Diary

Two Amendments to Health Bill Republicans Should Consider

The Republican party is in disarray. The latest moves by Republican leaders seems to be backing away from repealing Obamacare and make some small changes to mandates and taxes. Great. The Obamacare control and influence over healthcare will continue.

My objective for these two amendments is to put individuals in charge of most of their healthcare decisions–not insurance companies and particularly not the government.

The two proposals are designed to satisfy moderate and conservative Republicans:

1) Ensure 100% of households have access to catastrophic coverage (12.8% of households lack insurance today). This can be accomplished by simply changing the way healthcare expenses are deducted. Employer provided health insurance shields the typical household from about $4000 in taxes. Instead of a tax deduction based on overall insurance cost, provide a flat tax rebate of up to $4,000 per household for any insurance–including catastrophic such as an insurance that only covers expenses greater than $50,000.

For uninsured households, the flat $4,000 deduction essentially makes purchasing private catastrophic insurance “free” since the tax rebate exceeds the typical cost of this type of catastrophic insurance for families* thus providing these households with coverage. For insured households, they still get their deduction.

Households that do not or cannot obtain insurance, such as high-risk households, would be covered by Medicaid. Since households would prefer the better quality and selection of doctors under private insurance to the poorer quality and smaller selection of doctors under Medicaid; Medicaid use will be small. However, since high-risk households can obtain catastrophic coverage through Medicaid, insurers would not be mandated to cover high-risk households for catastrophic policies. This will keep rates affordable and encourage more households to purchase coverage. The cost to the government would be a reduction in taxes paid by previously uninsured households taking advantage of the insurance deduction and direct payments. Together, based upon actual usage by uninsured households, would cost the government $80 billion.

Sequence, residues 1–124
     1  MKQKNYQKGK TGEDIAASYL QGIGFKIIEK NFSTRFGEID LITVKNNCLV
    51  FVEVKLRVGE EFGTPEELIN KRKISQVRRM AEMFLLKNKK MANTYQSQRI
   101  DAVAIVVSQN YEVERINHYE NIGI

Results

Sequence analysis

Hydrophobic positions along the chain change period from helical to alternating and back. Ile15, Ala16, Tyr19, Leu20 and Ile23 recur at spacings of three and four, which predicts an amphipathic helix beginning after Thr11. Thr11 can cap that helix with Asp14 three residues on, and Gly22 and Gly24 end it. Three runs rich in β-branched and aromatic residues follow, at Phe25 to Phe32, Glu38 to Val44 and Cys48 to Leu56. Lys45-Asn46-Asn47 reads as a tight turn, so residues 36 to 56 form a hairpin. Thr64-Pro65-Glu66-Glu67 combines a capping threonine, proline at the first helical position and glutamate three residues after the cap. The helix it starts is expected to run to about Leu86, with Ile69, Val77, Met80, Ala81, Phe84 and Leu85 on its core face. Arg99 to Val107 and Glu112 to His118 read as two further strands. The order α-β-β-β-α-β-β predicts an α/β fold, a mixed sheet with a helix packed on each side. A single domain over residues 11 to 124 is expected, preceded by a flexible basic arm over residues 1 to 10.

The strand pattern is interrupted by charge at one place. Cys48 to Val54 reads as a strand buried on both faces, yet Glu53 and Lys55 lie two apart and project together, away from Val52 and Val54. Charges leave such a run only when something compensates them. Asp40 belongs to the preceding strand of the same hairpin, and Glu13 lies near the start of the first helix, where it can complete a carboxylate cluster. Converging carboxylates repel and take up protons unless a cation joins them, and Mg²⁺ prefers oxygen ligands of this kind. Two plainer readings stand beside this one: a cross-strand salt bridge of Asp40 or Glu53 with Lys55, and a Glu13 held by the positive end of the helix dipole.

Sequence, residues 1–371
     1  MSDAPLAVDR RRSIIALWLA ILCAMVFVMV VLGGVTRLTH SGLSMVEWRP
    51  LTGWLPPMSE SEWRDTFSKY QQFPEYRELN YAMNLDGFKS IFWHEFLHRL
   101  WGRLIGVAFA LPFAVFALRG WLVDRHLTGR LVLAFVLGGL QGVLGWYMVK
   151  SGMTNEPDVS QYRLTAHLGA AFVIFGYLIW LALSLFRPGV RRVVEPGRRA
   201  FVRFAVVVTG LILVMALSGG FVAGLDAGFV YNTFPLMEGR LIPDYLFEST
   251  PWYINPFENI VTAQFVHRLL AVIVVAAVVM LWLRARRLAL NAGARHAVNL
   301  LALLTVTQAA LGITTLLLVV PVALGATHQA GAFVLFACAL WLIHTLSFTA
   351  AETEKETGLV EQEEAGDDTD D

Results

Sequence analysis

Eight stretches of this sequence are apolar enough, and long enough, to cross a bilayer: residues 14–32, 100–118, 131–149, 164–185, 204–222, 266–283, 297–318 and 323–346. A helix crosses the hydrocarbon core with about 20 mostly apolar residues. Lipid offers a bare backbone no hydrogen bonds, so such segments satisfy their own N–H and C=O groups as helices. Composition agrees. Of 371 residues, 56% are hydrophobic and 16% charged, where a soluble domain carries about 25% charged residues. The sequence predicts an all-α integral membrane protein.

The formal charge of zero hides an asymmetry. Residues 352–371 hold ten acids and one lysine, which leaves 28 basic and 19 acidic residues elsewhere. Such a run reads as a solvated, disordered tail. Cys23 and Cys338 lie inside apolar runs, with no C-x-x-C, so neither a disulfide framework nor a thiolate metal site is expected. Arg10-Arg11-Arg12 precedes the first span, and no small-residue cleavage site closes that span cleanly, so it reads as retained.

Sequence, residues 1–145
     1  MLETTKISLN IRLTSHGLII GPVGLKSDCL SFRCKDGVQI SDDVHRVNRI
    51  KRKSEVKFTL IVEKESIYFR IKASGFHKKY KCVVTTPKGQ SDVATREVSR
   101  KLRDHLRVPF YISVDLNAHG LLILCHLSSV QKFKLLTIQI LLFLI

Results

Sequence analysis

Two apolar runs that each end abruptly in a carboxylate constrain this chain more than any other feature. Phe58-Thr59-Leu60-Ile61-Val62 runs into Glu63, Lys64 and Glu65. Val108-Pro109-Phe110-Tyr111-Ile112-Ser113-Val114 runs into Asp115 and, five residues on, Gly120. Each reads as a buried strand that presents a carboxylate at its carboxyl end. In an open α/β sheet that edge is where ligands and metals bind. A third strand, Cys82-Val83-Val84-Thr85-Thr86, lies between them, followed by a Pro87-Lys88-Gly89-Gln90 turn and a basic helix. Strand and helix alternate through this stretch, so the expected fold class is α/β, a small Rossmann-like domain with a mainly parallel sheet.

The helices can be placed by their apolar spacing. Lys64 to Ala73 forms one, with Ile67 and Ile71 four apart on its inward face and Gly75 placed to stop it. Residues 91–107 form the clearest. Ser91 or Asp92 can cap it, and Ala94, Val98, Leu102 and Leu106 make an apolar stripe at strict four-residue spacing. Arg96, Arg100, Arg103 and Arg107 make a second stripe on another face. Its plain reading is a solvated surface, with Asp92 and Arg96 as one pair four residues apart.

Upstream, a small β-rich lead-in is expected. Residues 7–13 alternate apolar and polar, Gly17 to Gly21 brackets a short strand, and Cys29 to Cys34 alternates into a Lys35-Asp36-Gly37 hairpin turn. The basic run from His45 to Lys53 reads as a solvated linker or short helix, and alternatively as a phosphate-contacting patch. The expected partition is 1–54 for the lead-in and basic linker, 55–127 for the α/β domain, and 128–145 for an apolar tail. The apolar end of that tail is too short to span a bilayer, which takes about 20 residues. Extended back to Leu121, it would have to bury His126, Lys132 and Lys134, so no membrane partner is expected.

States could offer more generous coverage than outlined here and Medicaid would still be available for poorer households.

2) Require households use Health Savings Account (HSA) funds BEFORE Medicaid. To promote HSAs provide every household who puts aside 5% of their income into an HSA a substantial payroll rebate to help fund their HSAs along with a line of credit to smooth out larger expenses. Since most Medicaid payments are relatively small, these HSAs would reduce the number of households utilizing Medicaid from 45 million to fewer than 8 million! It would also reduce the percent of households utilizing any third party payment from around 80% to only 10%. With households paying more expenses out of their pocket, they would control their own care and have the incentive to control costs. These payroll rebates of $2000 for 46-64 year olds, $1500 for 27-45 year olds and $500 for those under 27 would cost $300 billion but would be partially offset by savings from drastically reduced Medicaid use and by providing tax relief that President Trump and Republicans were planning to provide anyway.

These two amendments, taken together or separately, would both be an improvement over Obamacare and are only 1.5% of GDP. The first would cover more people than Obamacare without destroying private insurance. The second would enable households more control over their healthcare since they would be using their own funds rather than depending on the government or an insurer for payment.

*For example, a 46-64 year old couple with 2 children can typically purchase catastrophic insurance for around $4,000 and a 27-45 couple with 2 children for only $2000. Any unused rebate could be applied to lower deductible policies.